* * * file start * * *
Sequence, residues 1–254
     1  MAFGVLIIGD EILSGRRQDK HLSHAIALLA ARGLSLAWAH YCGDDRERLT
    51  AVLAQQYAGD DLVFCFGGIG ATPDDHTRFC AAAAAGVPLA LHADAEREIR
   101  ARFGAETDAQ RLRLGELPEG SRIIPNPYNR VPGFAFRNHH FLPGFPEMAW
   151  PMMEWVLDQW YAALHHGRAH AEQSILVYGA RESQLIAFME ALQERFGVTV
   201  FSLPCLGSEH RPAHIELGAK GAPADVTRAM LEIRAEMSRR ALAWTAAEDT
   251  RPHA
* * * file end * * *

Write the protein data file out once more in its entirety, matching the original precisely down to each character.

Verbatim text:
Sequence, residues 1–254
     1  MAFGVLIIGD EILSGRRQDK HLSHAIALLA ARGLSLAWAH YCGDDRERLT
    51  AVLAQQYAGD DLVFCFGGIG ATPDDHTRFC AAAAAGVPLA LHADAEREIR
   101  ARFGAETDAQ RLRLGELPEG SRIIPNPYNR VPGFAFRNHH FLPGFPEMAW
   151  PMMEWVLDQW YAALHHGRAH AEQSILVYGA RESQLIAFME ALQERFGVTV
   201  FSLPCLGSEH RPAHIELGAK GAPADVTRAM LEIRAEMSRR ALAWTAAEDT
   251  RPHA